“Their families are large because their hearts are big,” said Grenz.
Foster parents have to learn to say no, she said. That isn’t easy.
Her family took in a 4-year-old boy, the second foster home for him. For reasons she prefers not to explain, she said she had to ask the state to move him.
“To this day, I can’t have him back and that hurts,” she said.
Andrea Lockner, now with Greater Oregon Behavioral Health Inc. and once a state caseworker, said foster children can severely disrupt a home, leading foster parents to make a choice.
“They don’t want the child to go but they can’t keep going on,” she said.
Sylvia Medina, who lives on a farm near Vale, met foster children in her previous work as a dental assistant and would quiz caseworkers. One caseworker began asking her every month whether she was ready to step into the role of foster mother. She finally said yes.
Five days later, she got a call. A newborn, 5 days old, was ready to leave the hospital but couldn’t go home with the mother.
Medina polled her husband and children.
“Everybody at the same time said ‘Go get her,’” Medina recalled.
The state issued an emergency certification, allowing Medina to become a foster parent with a quick background check and a home inspection.
“They said I needed a fire extinguisher and a carbon monoxide monitor,” she said.
For the next six months, Medina took the infant to work with her.
“You can’t be in this if you’re not in 100 percent,” she said.
Medina said she had little idea of the network of people involved in a foster child’s life.
“I thought they had a caseworker and that was it,” she said.
That newborn is now 18 months old and Medina hopes to adopt her.
She said she has taken in other foster children because the need is so great.
“There was a kid that came to us with one pair of socks,” Medina said.
She talked with other foster parents, to learn and to help. She recalled reaching out to a foster mother who had taken in twin girls.
“I asked her how’s it going, and she broke down,” Medina said.
Foster parents can be unsparing in their advice for how to fix the system and get more people to volunteer.
With more support, foster parents would be less likely to ask the state to remove a child.
Gary Kiyuna, a Nyssa attorney who often represents foster children, said it does a child no good to be moved from one foster home to the next. He calls it “foster care drift.”
Foster parents say they want more respect from state officials.
“The foster parent is the stepchild in the system,” Bennett said.
Patricia Sullivan, senior circuit judge in Malheur County, said foster parents often aren’t told all they need to know before agreeing to the role. She said she thinks state workers may fear they will scare off potential foster parents if they are too candid.
She said foster parents too often are left feeling like they are “glorified babysitters.”
State Sen. Elizabeth Steiner Hayward, D-Portland, a former foster parent, agreed these volunteers don’t get what they deserve.
“Frankly, foster parents have not had as big a voice at the table as they should,” she said.
That’s clear in the compensation for foster parents.
Until recently, someone caring for a child 5 or younger got $575 a month.
That figure hadn’t changed since 2009 and by the state’s own calculations, covered about 45 percent of actual costs. Foster parents were expected to dig into their own wallets to cover the rest.
The state Department of Human Services, responsible for foster children, hasn’t always spoken up for foster parents. In 2015, as the state prepared its new two-year budget, the agency didn’t seek one extra dollar for foster parents. Department executives explain that officials who are no longer there had other priorities.
That changed last year, when the agency asked for $22.9 million to reimburse parents fully for the cost of caring for Oregon’s most needy children. Gov. Kate Brown agreed to an increase, but asked legislators only for $7.9 million – less than half what her child welfare officials figured was fair. Legislators cut even more, budgeting just $6 million for foster parents.
In January, foster parents got an extra $118 a month to care for a child 5 or younger.
That pay is well short of the $1,225 the state calculates is needed each month to cover the cost of one foster child.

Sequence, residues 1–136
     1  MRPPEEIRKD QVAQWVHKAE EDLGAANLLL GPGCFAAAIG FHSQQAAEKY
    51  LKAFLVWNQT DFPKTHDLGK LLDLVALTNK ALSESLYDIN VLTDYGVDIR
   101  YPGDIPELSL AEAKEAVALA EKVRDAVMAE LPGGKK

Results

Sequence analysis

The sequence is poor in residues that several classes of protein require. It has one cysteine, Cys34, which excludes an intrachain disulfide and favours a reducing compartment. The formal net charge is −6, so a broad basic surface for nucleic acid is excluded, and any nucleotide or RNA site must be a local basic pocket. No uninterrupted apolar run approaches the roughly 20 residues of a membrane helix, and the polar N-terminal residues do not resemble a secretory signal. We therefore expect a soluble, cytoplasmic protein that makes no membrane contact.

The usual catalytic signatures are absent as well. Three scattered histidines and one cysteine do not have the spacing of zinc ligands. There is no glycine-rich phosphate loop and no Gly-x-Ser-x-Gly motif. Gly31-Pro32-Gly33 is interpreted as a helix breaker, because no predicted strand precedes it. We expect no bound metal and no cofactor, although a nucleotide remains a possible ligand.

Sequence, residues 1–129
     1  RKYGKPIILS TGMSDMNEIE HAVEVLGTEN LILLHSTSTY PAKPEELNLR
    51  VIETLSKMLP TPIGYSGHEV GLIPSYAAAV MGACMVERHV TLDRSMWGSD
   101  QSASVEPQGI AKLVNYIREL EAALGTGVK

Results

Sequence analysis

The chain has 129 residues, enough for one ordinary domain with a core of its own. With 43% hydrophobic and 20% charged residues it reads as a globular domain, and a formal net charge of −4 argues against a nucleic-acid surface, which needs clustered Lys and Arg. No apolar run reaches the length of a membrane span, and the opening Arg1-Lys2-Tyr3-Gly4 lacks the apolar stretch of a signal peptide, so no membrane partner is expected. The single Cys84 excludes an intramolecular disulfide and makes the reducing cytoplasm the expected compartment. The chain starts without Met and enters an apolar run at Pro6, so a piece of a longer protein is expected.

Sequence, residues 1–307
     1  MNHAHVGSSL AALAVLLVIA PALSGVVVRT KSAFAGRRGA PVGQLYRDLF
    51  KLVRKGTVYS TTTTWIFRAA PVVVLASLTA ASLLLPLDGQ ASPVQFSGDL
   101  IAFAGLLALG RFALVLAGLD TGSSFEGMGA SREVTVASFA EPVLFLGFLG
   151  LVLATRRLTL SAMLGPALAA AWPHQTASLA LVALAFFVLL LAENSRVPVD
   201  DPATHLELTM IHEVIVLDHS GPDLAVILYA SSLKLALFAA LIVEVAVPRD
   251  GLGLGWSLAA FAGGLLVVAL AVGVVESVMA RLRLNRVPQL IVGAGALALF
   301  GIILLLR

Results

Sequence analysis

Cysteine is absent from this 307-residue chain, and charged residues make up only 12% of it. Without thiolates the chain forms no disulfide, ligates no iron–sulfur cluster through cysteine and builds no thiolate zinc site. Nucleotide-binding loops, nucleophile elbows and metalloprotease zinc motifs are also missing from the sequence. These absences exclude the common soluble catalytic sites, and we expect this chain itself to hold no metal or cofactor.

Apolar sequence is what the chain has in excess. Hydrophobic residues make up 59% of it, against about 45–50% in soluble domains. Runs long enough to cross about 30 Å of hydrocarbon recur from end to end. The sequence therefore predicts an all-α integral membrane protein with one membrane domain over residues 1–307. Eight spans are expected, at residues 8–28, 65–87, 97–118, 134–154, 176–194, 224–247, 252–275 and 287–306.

But money is only part of the need, foster parents say.
Child care for foster parents would be a huge help, they say. Today in many homes, both husband and wife work, requiring day care for foster children.
“Day care is hugely expensive,” said Schroeder.
One parent said day care for her foster children eats up her monthly stipend from the state. The rest – food, clothing, medicine and more – comes out of her family’s budget.
Foster parents also say the state should do better at telling volunteers what kind of help they can get from the state.
Uriarte said that for months she was changing bedding several times a night because her foster son was wetting the bed. She recently learned the state would cover the cost of rubber sheeting.
Medina also found out belatedly that foster parents can get mileage payments for driving foster children to appointments.
Parents say that the series of classes to train foster parents needs to be held more than once a year and include child care so parents can attend without distraction. Because trainings are infrequent, state officials in Ontario last year certified 45 people as foster parents on an emergency basis. They served sometimes months before getting the full state training.
State officials now are planning three trainings a year.
Despite the challenges, foster parents remain determined to do what they can to help children.
Uriarte said she will bear the costs and strains while doing everything she can to see that her foster son, now 7, gets the home and treatment he needs.
“I will never abandon him,” she vows.
Medina hopes people understand the need to support foster parents – and to become foster parents. She said circumstances could change for anyone in a way that puts a child into foster care.
“I’d want someone to open their door for my grandchild,” she said.
PART I: Malheur County system in crisis
Les Zaitz: [email protected]; 541-473-3377
Janeille Bennett, a foster mother in Vale, reads to a 2-year-old foster boy as part of their afternoon routine. (The Enterprise/Les Zaitz)
Sylvia Medina (right) engages in afternoon play activity with children at her farm home near Vale. She is a foster mom for an 18-month-old and a 5-year-old. (The Enterprise/Les Zaitz)
Sylvia Medina, who lives in the Vale area, became a foster parent after helping treat children at a dental clinic. She hopes more Malheur County parents will volunteer. (The Enterprise/Les Zaitz)
Chris Phillips (right), manager of the child welfare program in the Ontario district office of the state Department of Human Services, talks with Sally Vergara-Clement, a foster home certifier. (The Enterprise/Les Zaitz)
Gary Kiyuna, a Nyssa attorney, often represents foster children, ensuring their rights are safeguarded. He worries that they are too often moved from home to home. (The Enterprise/Les Zaitz)